When I think of Justice, my mind immediately goes to fairness—people getting their just desserts. When we're on the losing end of a black and white situation and feel we've been unfairly treated, we sometimes wish that someone would intervene and defend us. In this card, that would be Lady Justice… the person whose role is to help restore balance in any situation.
Songwriters come up with their hits when they're at their lows, we pull out our journals when we've got a bunch of complaining to do or anger to be released, and oftentimes, we turn to the cards when we need some cheering up. I'm pretty sure I'm not the only one who's shuffled the cards as an alternative to: a. calling up a friend and talking about the same problem for the 100000th time, b. going out for a few drinks (I don't drink, so therein lies the problem…), or c. Netflix as a way of forgetting.
Unlike a lot of the symbolism found in the tarot, the Wheel of Fortune is one thing that's still very present in the zeitgeist. You could be familiar with the game show or maybe have heard the term in a heist / gambling / casino-type movie… Even without any tarot associations, it's easy to equate the term "Wheel of Fortune" with chance and luck.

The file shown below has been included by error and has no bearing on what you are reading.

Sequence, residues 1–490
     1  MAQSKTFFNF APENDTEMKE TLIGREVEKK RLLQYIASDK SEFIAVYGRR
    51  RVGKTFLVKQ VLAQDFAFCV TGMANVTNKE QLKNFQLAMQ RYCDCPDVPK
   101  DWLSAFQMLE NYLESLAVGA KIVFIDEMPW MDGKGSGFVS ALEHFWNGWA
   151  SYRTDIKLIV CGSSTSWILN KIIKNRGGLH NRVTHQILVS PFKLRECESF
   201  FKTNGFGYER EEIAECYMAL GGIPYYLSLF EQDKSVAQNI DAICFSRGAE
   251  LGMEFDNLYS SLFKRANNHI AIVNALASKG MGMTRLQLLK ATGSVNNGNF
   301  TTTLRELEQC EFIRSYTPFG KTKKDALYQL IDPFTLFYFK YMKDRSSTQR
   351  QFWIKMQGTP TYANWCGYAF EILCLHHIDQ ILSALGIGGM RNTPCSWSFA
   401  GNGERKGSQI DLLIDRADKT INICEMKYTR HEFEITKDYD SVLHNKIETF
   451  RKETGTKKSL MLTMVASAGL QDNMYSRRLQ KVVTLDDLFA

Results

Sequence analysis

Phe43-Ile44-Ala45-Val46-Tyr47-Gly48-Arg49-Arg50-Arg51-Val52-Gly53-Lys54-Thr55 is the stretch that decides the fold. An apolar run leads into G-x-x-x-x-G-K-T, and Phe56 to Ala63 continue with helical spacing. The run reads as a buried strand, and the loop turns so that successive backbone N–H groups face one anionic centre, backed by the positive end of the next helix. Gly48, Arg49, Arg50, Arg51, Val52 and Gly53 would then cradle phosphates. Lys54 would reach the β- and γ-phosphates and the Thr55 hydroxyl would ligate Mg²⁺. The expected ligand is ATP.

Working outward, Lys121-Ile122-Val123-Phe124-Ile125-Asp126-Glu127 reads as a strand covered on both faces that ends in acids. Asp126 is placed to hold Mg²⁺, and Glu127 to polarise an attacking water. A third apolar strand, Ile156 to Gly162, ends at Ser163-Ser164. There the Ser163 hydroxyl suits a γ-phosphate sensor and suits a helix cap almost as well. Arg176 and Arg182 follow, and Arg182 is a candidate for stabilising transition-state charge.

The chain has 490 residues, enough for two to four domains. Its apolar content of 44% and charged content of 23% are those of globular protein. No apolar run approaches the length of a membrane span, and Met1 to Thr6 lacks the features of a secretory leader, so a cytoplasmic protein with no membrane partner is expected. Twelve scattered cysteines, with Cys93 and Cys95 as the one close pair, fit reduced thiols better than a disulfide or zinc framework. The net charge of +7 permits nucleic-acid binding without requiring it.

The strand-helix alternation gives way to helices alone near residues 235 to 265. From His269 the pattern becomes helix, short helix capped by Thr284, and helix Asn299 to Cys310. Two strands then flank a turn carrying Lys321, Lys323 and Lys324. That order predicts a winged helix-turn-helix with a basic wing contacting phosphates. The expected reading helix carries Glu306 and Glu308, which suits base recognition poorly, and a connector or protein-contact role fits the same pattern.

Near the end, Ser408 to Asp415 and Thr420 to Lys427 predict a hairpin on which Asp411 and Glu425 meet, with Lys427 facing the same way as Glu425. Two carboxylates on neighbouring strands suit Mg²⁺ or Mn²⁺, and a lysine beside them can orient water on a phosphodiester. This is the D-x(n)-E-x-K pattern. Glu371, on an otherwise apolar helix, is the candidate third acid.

Have you ever had an idea seemingly "stolen" away from you? It can be frustrating to have had that Oprah light bulb moment while in the shower one second, and have it glaring right back at you on someone else's Instagram feed the next. It's pretty impossible these days to ignore the fact that nothing is ever 100% original
I've always wanted to write a short story based on a single tarot card, so when Bree of Nym's Divination put a call out on Instagram for tarot people online to join a blog hop for International Tarot Day, I immediately put my name in.
I've always loved the look of "official" bags. The Pan Am bags flight attendants would bring with them in the 60s, traditional doctors' bags that they would bring with them on home visits, Mary Poppins' bottomless well of a bag, and Anne of Green Gables' carpet bag. I mean, who doesn't love accessorizing, right?
The Hermit is a special card for me because not only is it my birth card, but it embodies who I feel I am (for the most part!). The Hermit is usually coupled with a light, representing the insight and enlightenment that can come from solitude, self-reflection and silence. In the Spirit Speak Tarot's off the cuff rendition of the Hermit, the spark comes from the Hermit's finger.
I took a trip out to New York two years ago, right when I was really getting into tarot. As luck would have it, I actually forgot to bring a deck along with me, which is what prompted me to buy a deck at every pitstop of the trip. One of my NY-based friends who is very into astrology, crystals and other wonderfully, magically mystical things, told me that she would take me to Enchantments, the city's oldest witchy shop.